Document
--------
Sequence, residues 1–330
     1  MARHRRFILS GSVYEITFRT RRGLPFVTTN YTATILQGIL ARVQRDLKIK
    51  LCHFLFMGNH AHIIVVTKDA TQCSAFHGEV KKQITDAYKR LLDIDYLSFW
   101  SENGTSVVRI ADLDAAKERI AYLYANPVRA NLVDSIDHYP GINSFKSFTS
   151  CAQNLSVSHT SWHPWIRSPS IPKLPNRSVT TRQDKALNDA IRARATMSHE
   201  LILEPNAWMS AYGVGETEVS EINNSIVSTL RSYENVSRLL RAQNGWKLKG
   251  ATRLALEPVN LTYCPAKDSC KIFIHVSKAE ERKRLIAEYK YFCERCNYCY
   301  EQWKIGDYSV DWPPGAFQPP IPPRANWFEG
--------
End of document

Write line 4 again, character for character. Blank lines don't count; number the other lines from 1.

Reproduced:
   101  SENGTSVVRI ADLDAAKERI AYLYANPVRA NLVDSIDHYP GINSFKSFTS